Never in my lifetime did any of those items leak and I almost always use only one or two bags only ;pReplyCancel

  • ChrisMay 27, 2012 - 9:10 am

    One of the best posts I have read about the environment here in Saudi. Definite kudos regarding the air con. It's not as hot here as people say and we can all afford to use the air con a LOT less. I hadn't thought about the dry cleaning one and I will certainly use it in the future. With regards to the plastic bags, you have to consider that not using plastic bags and instead usingReplyCancel

    • LaylahMay 27, 2012 - 10:16 pm

      Chris-why thank I'm happy to hear that! I hope more locals and expats in Saudi take this as a real concern and we can start seeing less trash everywhere and living a more sustainable life..ReplyCancel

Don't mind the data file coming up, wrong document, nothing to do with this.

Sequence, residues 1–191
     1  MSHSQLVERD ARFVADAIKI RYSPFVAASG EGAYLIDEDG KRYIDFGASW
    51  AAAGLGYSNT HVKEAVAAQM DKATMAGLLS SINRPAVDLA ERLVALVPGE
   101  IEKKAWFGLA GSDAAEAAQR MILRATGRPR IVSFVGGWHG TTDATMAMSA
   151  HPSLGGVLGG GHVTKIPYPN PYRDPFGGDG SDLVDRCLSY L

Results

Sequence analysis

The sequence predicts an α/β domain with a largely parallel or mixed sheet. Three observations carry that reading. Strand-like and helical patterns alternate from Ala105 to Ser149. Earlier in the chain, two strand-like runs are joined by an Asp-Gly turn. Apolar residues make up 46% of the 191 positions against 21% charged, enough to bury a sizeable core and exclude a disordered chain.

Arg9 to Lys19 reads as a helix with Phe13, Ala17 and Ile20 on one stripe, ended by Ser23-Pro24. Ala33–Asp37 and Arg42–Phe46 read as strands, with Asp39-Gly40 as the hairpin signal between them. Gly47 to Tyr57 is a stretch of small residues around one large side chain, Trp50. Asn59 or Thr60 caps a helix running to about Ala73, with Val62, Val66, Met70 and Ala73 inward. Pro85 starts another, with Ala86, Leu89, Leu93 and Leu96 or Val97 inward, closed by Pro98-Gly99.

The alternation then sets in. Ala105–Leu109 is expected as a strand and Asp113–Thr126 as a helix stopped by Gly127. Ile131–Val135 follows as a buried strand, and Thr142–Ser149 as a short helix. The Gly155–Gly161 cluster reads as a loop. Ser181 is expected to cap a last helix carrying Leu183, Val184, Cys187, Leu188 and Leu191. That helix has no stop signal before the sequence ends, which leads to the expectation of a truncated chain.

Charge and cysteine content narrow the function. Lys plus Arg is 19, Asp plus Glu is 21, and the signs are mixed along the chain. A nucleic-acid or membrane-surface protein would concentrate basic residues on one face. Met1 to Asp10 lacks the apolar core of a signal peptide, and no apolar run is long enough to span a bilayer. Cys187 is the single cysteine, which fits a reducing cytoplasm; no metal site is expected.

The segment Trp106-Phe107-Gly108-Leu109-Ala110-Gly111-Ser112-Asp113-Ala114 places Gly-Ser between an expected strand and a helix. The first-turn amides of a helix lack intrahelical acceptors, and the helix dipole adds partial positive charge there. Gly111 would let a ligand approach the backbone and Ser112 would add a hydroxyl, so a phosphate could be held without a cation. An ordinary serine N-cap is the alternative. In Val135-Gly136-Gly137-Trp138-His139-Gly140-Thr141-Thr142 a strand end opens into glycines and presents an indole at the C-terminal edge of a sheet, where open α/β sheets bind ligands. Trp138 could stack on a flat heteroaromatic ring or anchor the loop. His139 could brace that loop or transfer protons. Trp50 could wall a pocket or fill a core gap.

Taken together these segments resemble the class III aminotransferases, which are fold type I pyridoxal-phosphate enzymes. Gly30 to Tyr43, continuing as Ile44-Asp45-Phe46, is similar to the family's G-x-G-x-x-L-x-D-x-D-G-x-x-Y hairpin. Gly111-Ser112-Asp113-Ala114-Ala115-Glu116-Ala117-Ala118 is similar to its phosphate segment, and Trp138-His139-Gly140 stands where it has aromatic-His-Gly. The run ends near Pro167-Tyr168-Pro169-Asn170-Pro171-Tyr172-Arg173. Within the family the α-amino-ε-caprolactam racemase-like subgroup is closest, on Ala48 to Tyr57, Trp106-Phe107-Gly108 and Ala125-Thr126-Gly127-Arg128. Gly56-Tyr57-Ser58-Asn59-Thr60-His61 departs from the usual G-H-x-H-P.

• ChrisMay 27, 2012 - 9:23 am

    One more thing: If you explain your concern/request to the worker, it might sound incredibly strange to them and, it being Saudi Arabia, they might even negotiate with you. But if you end your sentence with, "No problem?" suddenly the narrative switches and they say, "Of course. No problem."ReplyCancel

  • saaqib siddiquiAugust 2, 2012 - 9:11 am

    This needs to be translated into Arabic and published EVERYWHERE!ReplyCancel

  • sabkon wellsAugust 31, 2012 - 11:41 am

    wow. these tips are very helpful. i wish many are inspired to use methods o reduce carbon foot print.ReplyCancel

  • laura BrackleyJune 6, 2013 - 5:05 am

    Hi love the article. i found LuLu’s great when it comes to bag packing never one or two items in a bag :) and they also separate it all the way i like, cleaning things and toiletries all in the same bags away from food (i have had things leak in the past), bottle’s and heavy things in the same bags so they don’t crush veg or eggs and so on (i’d like to point out at this point i’m british so probably very picky lol). My compound has it’s own bag for life you can buy as well :)